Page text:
Operating in developed markets poses a particular challenge. Food manufacturers and retailers must look for pockets of growth in a sluggish landscape that is competitive to the point of saturation.
To grow sales in markets like the US and Europe, companies must build brands, develop new faster-paced categories and invest in innovation.
Lindt has succeeded in doing just that. Last week, the company posted double-digit gains in the US and revenue growth nearing 6% in Europe (impressive, given the exceptionally poor economic conditions in the region).
just-food caught up with Ernst Tanner, the CEO of the Swiss chocolate group, who attributed Lindt’s success to its ability to bring new consumers to the premium chocolate category, on the one hand, and steal market share from rivals on the other. This has been achieved through innovation, targeted promotional activity and brand strength, Tanner said.
Meanwhile, in UK retail it emerged that The Cooperative Group is also looking to innovation in a bid to reverse negative share trends, with plans in the offing to launch itself into the waters of online retail.
The country’s fifth-largest grocer said late last week that it is testing various trial formats as it looks to build a distinct online presence that compliments its positioning in the convenience sector.
“We recognise that the online grocery market is a rapidly growing channel, which provides a significant opportunity for us as, primarily, a convenience retailer,” Co-op food retail chief Steve Murrells explained.
The move recognises that grocery retailers must respond to shifting market dynamics in order to seek out new avenues for growth in a sector where sales volumes have come under sustained pressure. If successful, the Co-op will have a showing in the two areas of growth in UK grocery retail – online and convenience. If the company can eke out a unique online proposition that meets the needs of its convenience-focused consumer base. If.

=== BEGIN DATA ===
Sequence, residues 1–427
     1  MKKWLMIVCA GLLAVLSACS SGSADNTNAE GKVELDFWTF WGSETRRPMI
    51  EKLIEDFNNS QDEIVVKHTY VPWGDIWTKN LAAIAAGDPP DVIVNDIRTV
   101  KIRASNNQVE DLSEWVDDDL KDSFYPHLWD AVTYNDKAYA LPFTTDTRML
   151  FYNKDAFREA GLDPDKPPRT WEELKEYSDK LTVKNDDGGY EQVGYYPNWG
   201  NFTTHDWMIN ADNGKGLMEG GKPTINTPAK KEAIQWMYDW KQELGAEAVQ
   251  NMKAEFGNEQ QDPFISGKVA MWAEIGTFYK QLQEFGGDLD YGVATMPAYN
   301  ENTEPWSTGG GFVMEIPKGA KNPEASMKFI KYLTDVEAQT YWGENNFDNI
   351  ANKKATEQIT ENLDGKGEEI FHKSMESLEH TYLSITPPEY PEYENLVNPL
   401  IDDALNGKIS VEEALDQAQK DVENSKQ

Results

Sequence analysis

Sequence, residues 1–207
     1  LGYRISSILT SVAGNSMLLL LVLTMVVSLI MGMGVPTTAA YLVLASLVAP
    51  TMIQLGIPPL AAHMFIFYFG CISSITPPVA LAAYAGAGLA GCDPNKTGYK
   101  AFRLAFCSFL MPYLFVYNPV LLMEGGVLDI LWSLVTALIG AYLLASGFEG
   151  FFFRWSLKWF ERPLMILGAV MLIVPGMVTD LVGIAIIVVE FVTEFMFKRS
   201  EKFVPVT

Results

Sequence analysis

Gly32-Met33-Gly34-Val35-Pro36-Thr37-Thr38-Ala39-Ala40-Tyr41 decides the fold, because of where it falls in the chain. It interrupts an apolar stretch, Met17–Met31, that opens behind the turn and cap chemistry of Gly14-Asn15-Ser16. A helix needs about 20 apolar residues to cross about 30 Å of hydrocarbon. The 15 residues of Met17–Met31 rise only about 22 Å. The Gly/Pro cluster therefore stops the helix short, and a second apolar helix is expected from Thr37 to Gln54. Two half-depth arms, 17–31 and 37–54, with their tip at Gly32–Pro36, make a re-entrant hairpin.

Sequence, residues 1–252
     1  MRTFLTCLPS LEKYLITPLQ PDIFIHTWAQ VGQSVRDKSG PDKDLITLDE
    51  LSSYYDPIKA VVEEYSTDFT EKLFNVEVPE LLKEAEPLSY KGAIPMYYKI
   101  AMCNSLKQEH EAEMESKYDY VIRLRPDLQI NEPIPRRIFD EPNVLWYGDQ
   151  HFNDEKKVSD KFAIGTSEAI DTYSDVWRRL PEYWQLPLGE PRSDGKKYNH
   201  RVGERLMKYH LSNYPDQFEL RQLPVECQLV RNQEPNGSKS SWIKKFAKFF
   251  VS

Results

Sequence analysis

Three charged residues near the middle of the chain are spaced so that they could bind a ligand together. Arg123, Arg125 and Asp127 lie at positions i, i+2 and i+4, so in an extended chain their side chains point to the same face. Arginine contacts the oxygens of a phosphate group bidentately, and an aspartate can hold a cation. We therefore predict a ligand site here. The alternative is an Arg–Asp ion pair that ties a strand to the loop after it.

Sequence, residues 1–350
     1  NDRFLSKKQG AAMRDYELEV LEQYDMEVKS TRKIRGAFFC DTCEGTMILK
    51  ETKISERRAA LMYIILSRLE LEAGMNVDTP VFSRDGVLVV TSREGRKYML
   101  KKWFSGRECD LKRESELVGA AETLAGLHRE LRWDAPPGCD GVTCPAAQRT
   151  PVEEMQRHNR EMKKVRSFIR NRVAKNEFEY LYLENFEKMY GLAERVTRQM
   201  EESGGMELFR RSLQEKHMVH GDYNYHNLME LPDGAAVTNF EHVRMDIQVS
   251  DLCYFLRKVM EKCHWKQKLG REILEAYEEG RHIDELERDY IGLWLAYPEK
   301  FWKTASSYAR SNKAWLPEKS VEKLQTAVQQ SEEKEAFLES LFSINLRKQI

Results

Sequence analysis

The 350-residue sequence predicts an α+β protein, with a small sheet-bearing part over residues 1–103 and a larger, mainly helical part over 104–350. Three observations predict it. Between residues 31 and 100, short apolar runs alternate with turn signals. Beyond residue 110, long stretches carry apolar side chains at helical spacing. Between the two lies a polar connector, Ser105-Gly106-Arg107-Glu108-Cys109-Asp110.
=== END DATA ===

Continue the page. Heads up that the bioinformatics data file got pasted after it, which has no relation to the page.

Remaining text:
But getting this combination right will be no mean feat. It is hard to imagine an online concept that can be truly geared to the needs of the convenience market, and even harder to conceive of a model that will do so cost effectively when other retailers, whose average basket size is far greater, still struggle to boost the margins of their online businesses.
While operations in the high-growth online arena generate plenty of headlines, it is worth keeping in mind that this growth comes from a smaller base than business generated at core bricks and mortar stores, which still account for the vast majority of revenue growth. For this reason, it is vital that retailers get their in-store experience right.
As our pages argued last week, delivering a good in-store experience can be a challenge in itself – with as few as one in 25 of grocery shopping trips ending in complete success.
The potential opportunity here is evident. With a staggering 96% of shopping trips ending in varying degrees of disappointment, perfecting the in-store experience offers a means to rejuvenate sales in a stagnant market where growth is being driven by price inflation.
Retailers need to deliver the right product, in the right place, at the right price and in the right pack size and format. While multichannel expansion is an important plank for growth, it should not overshadow getting the retail basics right.